I was playing with so simple linear regressions more to aggravate some of the minions than to really accomplish anything. I am pretty positive there is a fairly larger range of undecipherable climate noise. Some might call it chaos, but any simple control system has a range around a set point. If you want to reduce that range you are looking at big bucks and potential instability. It is simpler and more cost effective to "live" with a reasonable amount of fluctuation unless you have a very temperamental process. Having worked with "novel" new control schemes like PDI feed forward, I have witness some spectacular initial failures. Most of these types of control systems are viable now with more and faster computing power, but for simple things like HVAC control at the time they were a huge waste of money. The average person cannot sense a temperature change of less than 2 F and there is no "ideal" temperature range for all people so a half degree to degree of "slop" for indoor air temperature control is perfectly acceptable. Even a larger range of humidity control is acceptable and with proper system sizing, pretty much takes care of itself.

There are cases where more precision is required and the cost is justified, but proper load sizing as staging can reduced the complexity required for even those cases. Simple isn't a bad thing.

What I did just for grins is a simple linear regression of GISS global with and uncertainty channel. I just eyeballed the fit and was pretty happy with 0.5 C which happens to be 1.6 sigma for the GISS monthly data.

A little light smoothing, 13 month moving average, provides a one sigma, 0.29 C eyeball fit. Since only five years of the 134 years total make it outside the channel, that is about a 95% uncertainty range in spite of the one sigma notation which implies about 68% uncertainty. So in my opinion, with about a 0.3 C range global climate is pretty stable. You can get the same fit with climate model runs with about +/- 0.35 C, mainly because of the volcanic forcing misses. Smooth those out and you can get a more respectable error range for the high dollar estimates.

I then spliced the global with the Oppo et al. 2009 reconstruction, but had to kick the range back up to 1.6 sigma to get a fit back to about 1780. After throwing in a pre-Little ice Age error range of +/- 0.29 C, I have a basic model of expected climate. The difference in the slope of the dark green LIA recovery and the blue instrumental is roughly "potential" Anthropogenic Climate Change. If you used the green regression and added CO2 forcing with a 0.8C "sensitivity" you could fit the two curve pretty well. Of course, the Oppo 2009 and instrumental have different smoothing and picking the slope of LIA recovery is a bit of a guess, but it is in the ball park.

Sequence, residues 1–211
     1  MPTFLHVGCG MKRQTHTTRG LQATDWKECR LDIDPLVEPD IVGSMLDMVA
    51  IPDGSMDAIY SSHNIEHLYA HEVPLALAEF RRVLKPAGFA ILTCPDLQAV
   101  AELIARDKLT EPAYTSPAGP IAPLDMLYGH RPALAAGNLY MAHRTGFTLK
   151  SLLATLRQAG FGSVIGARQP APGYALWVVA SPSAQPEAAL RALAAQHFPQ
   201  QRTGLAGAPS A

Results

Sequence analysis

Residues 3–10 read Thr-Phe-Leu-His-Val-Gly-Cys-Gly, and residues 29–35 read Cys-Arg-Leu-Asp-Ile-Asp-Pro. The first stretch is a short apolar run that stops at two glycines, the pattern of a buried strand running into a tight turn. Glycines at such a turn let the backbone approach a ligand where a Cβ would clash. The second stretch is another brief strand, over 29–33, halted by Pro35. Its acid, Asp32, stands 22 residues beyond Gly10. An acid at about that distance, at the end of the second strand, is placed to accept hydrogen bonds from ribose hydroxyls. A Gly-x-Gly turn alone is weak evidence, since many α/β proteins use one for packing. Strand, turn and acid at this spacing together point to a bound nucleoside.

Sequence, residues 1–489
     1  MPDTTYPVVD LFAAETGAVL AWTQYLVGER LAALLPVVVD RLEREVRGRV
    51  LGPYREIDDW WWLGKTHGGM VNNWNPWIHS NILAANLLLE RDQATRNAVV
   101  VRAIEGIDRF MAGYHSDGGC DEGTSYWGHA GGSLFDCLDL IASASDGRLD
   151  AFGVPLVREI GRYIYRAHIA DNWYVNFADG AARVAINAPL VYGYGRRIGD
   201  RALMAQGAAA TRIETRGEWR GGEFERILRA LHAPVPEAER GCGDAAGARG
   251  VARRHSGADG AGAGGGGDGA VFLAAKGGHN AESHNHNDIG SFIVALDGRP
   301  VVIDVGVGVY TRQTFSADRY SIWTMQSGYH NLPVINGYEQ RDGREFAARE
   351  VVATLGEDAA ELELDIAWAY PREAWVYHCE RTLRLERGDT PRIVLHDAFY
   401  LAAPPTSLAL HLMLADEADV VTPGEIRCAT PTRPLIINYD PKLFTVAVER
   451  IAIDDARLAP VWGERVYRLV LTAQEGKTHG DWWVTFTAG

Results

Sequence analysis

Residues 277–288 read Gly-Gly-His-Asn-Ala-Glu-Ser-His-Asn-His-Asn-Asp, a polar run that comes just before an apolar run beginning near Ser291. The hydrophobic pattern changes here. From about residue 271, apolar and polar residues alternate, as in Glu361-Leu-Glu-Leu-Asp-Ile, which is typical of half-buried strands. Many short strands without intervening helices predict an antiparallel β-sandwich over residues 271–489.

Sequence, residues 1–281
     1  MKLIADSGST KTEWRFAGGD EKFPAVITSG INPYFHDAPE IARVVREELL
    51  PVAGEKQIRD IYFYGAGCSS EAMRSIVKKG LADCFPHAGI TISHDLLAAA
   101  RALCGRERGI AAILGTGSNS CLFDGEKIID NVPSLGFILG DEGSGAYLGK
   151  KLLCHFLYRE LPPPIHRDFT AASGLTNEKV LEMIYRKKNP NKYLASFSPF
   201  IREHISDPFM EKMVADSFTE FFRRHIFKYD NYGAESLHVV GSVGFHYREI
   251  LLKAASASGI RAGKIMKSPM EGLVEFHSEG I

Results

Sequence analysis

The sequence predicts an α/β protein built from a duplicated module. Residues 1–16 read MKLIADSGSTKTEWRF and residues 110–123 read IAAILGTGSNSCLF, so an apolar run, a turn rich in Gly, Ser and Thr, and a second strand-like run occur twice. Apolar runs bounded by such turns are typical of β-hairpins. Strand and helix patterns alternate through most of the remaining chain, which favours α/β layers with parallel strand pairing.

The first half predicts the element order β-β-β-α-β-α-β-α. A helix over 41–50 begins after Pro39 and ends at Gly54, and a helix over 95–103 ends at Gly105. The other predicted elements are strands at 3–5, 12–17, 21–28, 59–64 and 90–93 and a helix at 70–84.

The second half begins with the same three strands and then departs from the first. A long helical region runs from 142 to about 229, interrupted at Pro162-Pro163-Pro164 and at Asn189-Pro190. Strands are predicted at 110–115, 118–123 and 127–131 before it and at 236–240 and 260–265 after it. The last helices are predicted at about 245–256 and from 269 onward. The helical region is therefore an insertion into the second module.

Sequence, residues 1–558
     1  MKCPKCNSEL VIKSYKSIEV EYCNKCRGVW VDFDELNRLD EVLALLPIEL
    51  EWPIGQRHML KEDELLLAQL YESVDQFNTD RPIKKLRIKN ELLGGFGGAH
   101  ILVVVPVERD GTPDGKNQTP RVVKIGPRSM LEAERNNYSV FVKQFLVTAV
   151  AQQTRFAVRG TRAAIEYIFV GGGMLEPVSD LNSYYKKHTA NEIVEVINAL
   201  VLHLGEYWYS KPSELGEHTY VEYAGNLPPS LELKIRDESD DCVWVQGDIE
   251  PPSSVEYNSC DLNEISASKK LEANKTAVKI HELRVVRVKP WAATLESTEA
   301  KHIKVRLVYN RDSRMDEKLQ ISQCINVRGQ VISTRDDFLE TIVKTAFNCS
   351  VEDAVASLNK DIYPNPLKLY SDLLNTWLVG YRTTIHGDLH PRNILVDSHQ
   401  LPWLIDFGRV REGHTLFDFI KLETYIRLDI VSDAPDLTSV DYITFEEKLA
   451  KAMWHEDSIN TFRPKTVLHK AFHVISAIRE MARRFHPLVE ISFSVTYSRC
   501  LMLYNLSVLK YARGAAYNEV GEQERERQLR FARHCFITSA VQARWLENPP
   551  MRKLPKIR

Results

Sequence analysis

Since I am fairly certain that tropical convection and cloud cover trigger around 28C to produce significant negative feedback, the intersect of the linear regression and pre-LIA range are a pretty good illustration of what I expect climate to do. That would be crab sideways with a fluctuation of around +/-0.5 C degrees. So this is my prediction of the month.

If you are an ENSO fan, the projection would be 26.9 C +/- 0.5 C degrees. Since some believe that ENSO, PDO and AMO are the sources of all variability, that might make them happy. Personally, for global climate I would watch the tropics in general not any region in particular. I have done a number of correlations between various tropical bands and "global" temperatures and the 30S-30N band is in the 70% and 80% range since it has over 50% of the total ocean area.

I haven't figured out a real "sciency" way to fit the sea level rise into the picture, but roughly matching instrumental, SLR and Oppo 2009 looks like this. Since there is more than just thermal expansion involved with SLR, a convincing fit with rational error bars will be quite a challenge. I do have some thoughts on the subject, but that will take some real work which is against my current religion.

So there is the title of the post, "circumstantial" evidence of a secular trend related to LIA recovery.

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